Origins of the Zodiac Signs – The Path of the Moon – KASKAL dร™ล U ๐’†œ๐’€ญ๐’Œ

The Origins of the Zodiac Signs Begin in Mesopotamia

The astrology we know and love originated in ancient Mesopotamia, and we have the Sumerians to thank for the origins of the zodiac signs.

The oldest astrological records we have belong to the Sumerians, dating back at least to 3100 BCE. However, similarities between the Sumerian and Babylonian constellations and the reliefs found at Göbekli Tepe suggest the meanings of the constellations may predate Sumerian culture by another 7,000 years, but that’s a conversation for another day.

Sumerian documents contain the oldest human writing system, cuneiform. These cuneiform texts hold the oldest known astrological information on the planet.

Sumerian obsession with time

The Sumerians paid close attention to the sky and the seasons. They seemed to be obsessed with understanding time. Sumerian calendrical systems were primarily lunar, but included solar tabulations, as well.

The 30-day lunar month reigned supreme, as did the Sumerian god of the Moon, Nanna (𒀭𒋀𒆠 dŠEŠ.KI). Behind them was the seasonal solar calendar and the sun god, Utu (𒀭𒌓 dUTU) .

When the cycles of the sun, and the rising and setting of the stars and planets aligned with lunar time, it was considered fortuitous. When they acted out of turn, it was a bad sign.

Sumerian Astrology Lived On

As the millennia progressed, and the Sumerian people and culture were overshadowed by the Akkadian empire, much of Sumerian knowledge, including myth, legend, and astrological omens remained a prominent feature in the ancient Near East through the Late Babylonian period. Sumerian documents were copied and transcribed into Akkadian, which is how scholars were able to decipher their cuneiform tablets.

Until quite recently, astrology and astronomy were considered the same science. It’s no wonder the Sumerians took such great care to record the movements of the heavens and the affects they had on the world. 

These astrological omens were re-recorded over thousands of years by the skilled hands of priests and scribes, well into the late Babylonian period. Along the way, they gave us astronomical terms still in use today, such as spheres, orbits, ecliptic, inclination, and poles.

Origins of the Zodiac Signs on the Path of the Moon
Akkadian cylinder seal dating to c. 2300 BC, depicting the deities Inanna, Utu, Enki, and Isimud By Version 1 Version 2, Public Domain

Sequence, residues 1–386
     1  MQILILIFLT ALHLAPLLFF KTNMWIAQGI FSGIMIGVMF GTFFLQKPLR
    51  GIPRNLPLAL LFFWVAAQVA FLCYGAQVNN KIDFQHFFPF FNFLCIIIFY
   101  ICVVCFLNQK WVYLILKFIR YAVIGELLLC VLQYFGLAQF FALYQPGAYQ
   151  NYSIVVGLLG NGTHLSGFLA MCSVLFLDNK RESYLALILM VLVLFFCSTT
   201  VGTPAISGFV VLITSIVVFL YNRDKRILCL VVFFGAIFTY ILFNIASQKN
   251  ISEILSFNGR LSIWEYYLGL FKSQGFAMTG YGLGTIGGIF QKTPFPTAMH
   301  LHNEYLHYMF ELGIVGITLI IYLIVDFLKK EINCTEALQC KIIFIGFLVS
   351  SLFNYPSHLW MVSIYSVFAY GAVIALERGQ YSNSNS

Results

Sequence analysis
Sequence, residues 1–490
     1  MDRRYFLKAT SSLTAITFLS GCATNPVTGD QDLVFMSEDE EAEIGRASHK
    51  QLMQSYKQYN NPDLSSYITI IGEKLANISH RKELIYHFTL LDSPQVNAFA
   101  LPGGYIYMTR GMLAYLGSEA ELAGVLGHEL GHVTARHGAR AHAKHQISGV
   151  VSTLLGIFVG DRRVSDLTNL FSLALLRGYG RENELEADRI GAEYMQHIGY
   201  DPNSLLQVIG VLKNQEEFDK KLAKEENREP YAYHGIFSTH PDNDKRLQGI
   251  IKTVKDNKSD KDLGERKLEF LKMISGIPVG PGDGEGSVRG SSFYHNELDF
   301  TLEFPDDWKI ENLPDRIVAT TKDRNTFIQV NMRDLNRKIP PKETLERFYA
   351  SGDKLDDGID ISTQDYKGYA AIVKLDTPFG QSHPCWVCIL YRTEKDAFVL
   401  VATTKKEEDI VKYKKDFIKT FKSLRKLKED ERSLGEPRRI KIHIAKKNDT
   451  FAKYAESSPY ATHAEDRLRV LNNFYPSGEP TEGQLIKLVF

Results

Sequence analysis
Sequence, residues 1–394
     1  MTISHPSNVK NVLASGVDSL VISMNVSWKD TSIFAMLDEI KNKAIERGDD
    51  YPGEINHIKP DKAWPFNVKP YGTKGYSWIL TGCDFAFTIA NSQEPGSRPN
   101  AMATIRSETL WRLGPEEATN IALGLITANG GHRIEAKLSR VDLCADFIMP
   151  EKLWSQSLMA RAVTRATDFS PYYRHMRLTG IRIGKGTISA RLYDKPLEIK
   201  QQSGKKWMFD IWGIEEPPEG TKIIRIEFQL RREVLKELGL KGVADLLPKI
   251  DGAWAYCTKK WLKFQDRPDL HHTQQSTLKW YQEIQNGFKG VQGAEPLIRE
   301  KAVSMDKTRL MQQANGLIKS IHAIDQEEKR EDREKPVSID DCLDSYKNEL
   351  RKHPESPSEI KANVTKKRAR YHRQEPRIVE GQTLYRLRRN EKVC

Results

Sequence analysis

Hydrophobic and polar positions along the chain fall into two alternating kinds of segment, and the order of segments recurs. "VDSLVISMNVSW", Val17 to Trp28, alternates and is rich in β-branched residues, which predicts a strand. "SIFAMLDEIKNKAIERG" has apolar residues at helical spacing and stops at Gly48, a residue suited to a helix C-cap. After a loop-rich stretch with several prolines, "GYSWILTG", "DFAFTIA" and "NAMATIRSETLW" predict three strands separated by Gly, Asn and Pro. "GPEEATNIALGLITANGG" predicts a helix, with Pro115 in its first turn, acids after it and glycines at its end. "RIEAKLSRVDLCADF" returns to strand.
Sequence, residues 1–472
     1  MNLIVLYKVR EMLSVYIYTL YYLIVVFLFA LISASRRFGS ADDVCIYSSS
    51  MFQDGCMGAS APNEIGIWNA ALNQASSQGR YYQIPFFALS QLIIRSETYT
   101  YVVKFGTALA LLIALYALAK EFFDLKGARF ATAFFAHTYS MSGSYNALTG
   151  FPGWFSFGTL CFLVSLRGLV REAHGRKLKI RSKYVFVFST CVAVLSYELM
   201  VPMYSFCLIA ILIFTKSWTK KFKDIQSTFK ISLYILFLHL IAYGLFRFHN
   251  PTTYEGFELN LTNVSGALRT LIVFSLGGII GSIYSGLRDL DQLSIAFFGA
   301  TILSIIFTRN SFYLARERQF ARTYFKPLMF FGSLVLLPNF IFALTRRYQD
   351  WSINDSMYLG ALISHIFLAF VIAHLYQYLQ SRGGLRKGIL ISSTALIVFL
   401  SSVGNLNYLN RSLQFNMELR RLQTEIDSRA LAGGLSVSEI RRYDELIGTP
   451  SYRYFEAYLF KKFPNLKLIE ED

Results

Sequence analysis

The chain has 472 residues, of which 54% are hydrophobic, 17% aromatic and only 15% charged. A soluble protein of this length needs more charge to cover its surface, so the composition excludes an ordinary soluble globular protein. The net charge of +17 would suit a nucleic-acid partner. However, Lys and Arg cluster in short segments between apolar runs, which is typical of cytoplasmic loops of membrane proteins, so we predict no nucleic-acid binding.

Babylonian Astrology Becomes Canon

The most well-known compilation of such omena is Enuma Anu Enlil (𒌓𒀭𒈾𒀭𒂗𒆤𒇲 U4.AN.NA dEN.LÍL.LÁ); literally, When Anu and Enlíl…; or EAE for short.

It includes 68-70 cuneiform tablets with anywhere from 6,500 to 7,000 omens, which became the hallmark of Babylonian astrology.

It’s believed to have been compiled in its canonical form between 1595-1157 BCE, during the Kassite period. However, evidence suggests earlier versions dated back to the Old Babylonian period, around 1950-1595 BCE.

Origins of the Zodiac Signs on the Path of the Moon, Sumerian Grammar, Sumerian Language, Online Sumerian Lessons
Enuma Anu Enlil (Tablet 50) © The Trustees of the British Museum

Another well-known astrological catalogue was  MUL.APIN 𒀯𒀳; literally, the Plow Star, or Plow Constellation. It’s primarily concerned with 66 stars and constellations, and their rising, setting, and culmination dates.

The canonical text has been dated to 1000 BCE, but like other Babylonian astrological texts, they are likely the remnants of a much older Sumerian astrological tradition. In fact, the 18 constellations in the prominent Path of the Moon (KASKAL dÙŠU 𒆜𒀭𒌍) are the original constellations of the elder Sumerian zodiac.

The Origins of the Zodiac Signs

The original sidereal zodiac contained 18 constellations:

  1. MULMUL: 𒀯𒀯 Many Stars/Star Cluster—the Pleiades (in Taurus)
  2. MULGU4.AN.NA: 𒀯𒄞𒀭𒈾 Bull of Heaven—Taurus
  3. MULSIPA.ZI.AN.NA: 𒀯𒉺𒇻𒍣𒀭𒈾 True Shepherd of Anu—Orion
  4. MULŠU.GI: 𒀯𒋗𒄀 Old Man/Enmešarra—Perseus
  5. MULGÀM/MULZUBI: 𒀯𒆛/𒀯𒉽𒈿 Shepherd’s Crook—Auriga
  6. MULMAŠ.TAB.BA(GAL.GAL): 𒀯𒈦𒋰𒁀(𒃲𒃲) (Great) Twins (Lugalirra and Meslamta’ea)—Gemini
  7. MULAL.LUL: 𒀯𒀠𒈜 Deceptive Digger—Cancer
  8. MULUR.GU.LA/MULUR.MAḪ: 𒀯𒌨𒄖𒆷/ 𒀯𒌨𒈤 Great Carnivore/Exalted Lion—Leo
  9. MULAB.SÍN/MULÀBSIN: 𒀯𒀊𒉆/𒀯𒀳 Furrow—Virgo
  10. MULZI.BA.AN.NA: 𒀯𒍣𒁀𒀭𒈾 and MULĜIŠ.ÉRIN: 𒀯𒄑𒂟  Scales—Libra and lower part of Virgo
  11. MULĜÍR.TAB: 𒀯𒄈𒋰 Scorpion—Scorpius and Legs of Ophiuchus
  12. MULPA.BIL.SAĜ: 𒀯𒉺𒉋𒊕 Pabilsag (Ninurta)—Sagittarius
  13. MULSUḪUR.MÁŠ(KU6): 𒀯𒋦𒈧(𒄩) Goat-Fish—Capricorn
  14. MULGU.LA: 𒀯𒄖𒆷 Great One (Enki/Ea)—Aquarius